Senior Member
    And, to repeat what many others have said, it is possible but not necessarily advisable. If you say "John asked me where I lived" it does not automatically imply that you no longer live there. For that meaning I would expect "John asked me where I used to live".

    So... if you always backshift you will not have a problem, but it is possible not to backshift under some circumstances.
     

    PaulQ

    Senior Member
    UK
    English - England
    It's probably because they have never noticed the rule or they ignore it. The essence of speaking is to convey meaning accurately and, "He says he lives over there." and "He said he lives over there." do this in a way that, because of possible ambiguity, "He says he lived over there." and "He said he lived over there." does not.

    I notice that there is a tendency to have the tenses all verbs (that refer to contemporaneous events) to coincide, so the "He said" implies that there will be a past tense that follows, whereas "He says" does not but uses the present to indicate the past.
     
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    Thomas Tompion

    Senior Member
    English - England
    Amidst all this talk of it being permissible to omit to backshift, there hasn't been much explanation of the difference between the backshifted and the unbackshifted version.

    I feel someone ought to mention that the backshifted version can introduce a plaintive note of worry or of mounting disbelief: he said that the fire engine was on its way.
     
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    DonnyB

    Sixties Mod
    English UK Southern Standard English
    I feel someone ought to mention that the backshifted version can introduce a plaintive note of worry or of mounting disbelief: he said that the fire engine was on its way.
    I don't think it necessarily does, though. I can imagine a conversation which goes something like:

    A: Has anyone called the fire brigade?
    B: Yes, the operator said a fire engine was on its way and would be here in a couple of minutes.
    A: Hang on a second .... Oh yes. I can hear the siren now.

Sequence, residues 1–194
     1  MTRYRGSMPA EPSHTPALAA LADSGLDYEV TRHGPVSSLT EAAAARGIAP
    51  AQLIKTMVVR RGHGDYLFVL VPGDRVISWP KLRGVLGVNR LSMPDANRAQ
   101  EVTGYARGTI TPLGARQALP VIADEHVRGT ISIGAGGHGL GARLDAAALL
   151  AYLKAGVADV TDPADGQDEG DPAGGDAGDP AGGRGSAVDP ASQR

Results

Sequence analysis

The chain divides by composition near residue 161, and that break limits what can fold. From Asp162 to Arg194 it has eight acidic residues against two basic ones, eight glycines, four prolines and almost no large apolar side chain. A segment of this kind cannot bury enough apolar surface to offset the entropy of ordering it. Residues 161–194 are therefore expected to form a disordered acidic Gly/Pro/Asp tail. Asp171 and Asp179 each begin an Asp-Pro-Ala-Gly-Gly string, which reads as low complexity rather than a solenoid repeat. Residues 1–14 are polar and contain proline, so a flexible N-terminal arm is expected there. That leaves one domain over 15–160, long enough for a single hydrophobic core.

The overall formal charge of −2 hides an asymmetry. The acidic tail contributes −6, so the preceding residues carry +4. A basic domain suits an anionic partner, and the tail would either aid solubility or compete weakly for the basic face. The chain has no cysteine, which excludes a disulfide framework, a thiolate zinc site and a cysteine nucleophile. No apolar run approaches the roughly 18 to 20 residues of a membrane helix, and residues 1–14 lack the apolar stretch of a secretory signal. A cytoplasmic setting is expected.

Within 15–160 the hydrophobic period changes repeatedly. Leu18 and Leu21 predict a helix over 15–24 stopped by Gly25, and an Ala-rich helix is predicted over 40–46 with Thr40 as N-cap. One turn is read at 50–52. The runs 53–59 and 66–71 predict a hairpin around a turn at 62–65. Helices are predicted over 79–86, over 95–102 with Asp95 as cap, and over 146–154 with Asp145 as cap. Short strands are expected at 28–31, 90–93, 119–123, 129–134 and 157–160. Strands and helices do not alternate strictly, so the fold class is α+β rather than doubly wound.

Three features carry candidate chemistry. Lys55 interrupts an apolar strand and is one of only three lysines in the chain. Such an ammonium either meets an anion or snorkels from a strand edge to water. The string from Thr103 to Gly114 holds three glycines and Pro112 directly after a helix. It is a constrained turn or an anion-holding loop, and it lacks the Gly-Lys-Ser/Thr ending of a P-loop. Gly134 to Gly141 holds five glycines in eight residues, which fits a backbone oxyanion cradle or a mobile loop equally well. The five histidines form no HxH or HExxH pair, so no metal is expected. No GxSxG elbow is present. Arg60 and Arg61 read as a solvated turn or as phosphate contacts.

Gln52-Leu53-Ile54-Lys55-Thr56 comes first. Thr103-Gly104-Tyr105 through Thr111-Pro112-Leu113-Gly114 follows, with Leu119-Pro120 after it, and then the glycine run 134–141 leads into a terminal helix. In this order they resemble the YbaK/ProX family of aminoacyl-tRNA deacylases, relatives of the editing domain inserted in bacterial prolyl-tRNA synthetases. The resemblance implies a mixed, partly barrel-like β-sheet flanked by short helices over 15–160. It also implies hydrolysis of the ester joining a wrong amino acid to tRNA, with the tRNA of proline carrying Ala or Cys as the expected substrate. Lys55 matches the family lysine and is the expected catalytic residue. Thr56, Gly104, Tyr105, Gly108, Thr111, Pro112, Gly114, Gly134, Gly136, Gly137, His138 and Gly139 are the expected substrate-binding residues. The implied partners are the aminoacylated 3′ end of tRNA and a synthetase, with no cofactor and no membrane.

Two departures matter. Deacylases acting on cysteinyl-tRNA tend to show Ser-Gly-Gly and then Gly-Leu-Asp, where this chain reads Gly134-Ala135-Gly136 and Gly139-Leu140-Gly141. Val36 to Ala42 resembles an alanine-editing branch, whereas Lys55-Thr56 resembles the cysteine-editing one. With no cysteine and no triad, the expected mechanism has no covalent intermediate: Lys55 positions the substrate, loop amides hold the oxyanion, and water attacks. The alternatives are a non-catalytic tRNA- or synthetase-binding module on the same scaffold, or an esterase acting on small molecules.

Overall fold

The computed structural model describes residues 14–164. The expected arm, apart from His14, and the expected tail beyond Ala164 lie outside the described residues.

Thomas Tompion

    Senior Member
    English - England
    I don't think it necessarily does, though. I can imagine a conversation which goes something like:

    A: Has anyone called the fire brigade?
    B: Yes, the operator said a fire engine was on its way and would be here in a couple of minutes.
    A: Hang on a second .... Oh yes. I can hear the siren now.
    Hi Donny,

    I don't think it necessarily does either - I said it can, not that it does.

    I was building on an earlier mention of the comforting - He said it's on its way.

    I think a declining hope might be expressed (not necessarily would be expressed) by the backshift - He said it was on its way.

    I agree that the backshifted version doesn't preclude imminent arrival.

    I'm interested in possible variations of meanings between the two forms.

    If the fact is in the past anyway - he says it was on its way - there's no question of backshifting: the tense in the clause would have to be in the past - he said it was on its way. It's the potential ambiguity of this final version - is it reporting a present or a past fact? - which clearly intrigues some people.
     

    DonnyB

    Sixties Mod
    English UK Southern Standard English
    I was envisaging that the operator actually said "A fire engine is on its way and will be there in a couple of minutes"

    In my sample dialogue, person B could have reported that as "the operator says a fire engine is on its way [but its's been ten minutes already and there's no sign of it]

    So I don't honestly see the issue as backshifting: it's how you convey the meaning from the context. :confused:
     

    ortonn

    Banned
    India - English
    Folks, my question concerns 'reported speech question'.
    For instance,
    Teacher to me : What music do you like ?
    Few hour later I happen to meet my friend and he asks " What did your teacher ask ?"
    I reply : Teacher asked what music I like.

    Here is it correct to not back shift the tense given the fact that I still like the same music.

    P.S : I know back shifted version would be more natural.
     

    panjandrum

    Lapsed Moderator
    English-Ireland (top end)
    [Moderator note. This thread has been closed. It is no longer discussing the specific example introduced in the first post. More importantly, it is repeating advice that has been given repeatedly in similar threads over the last six months or so. Thanks to everyone for your patient input.
    panjandrum]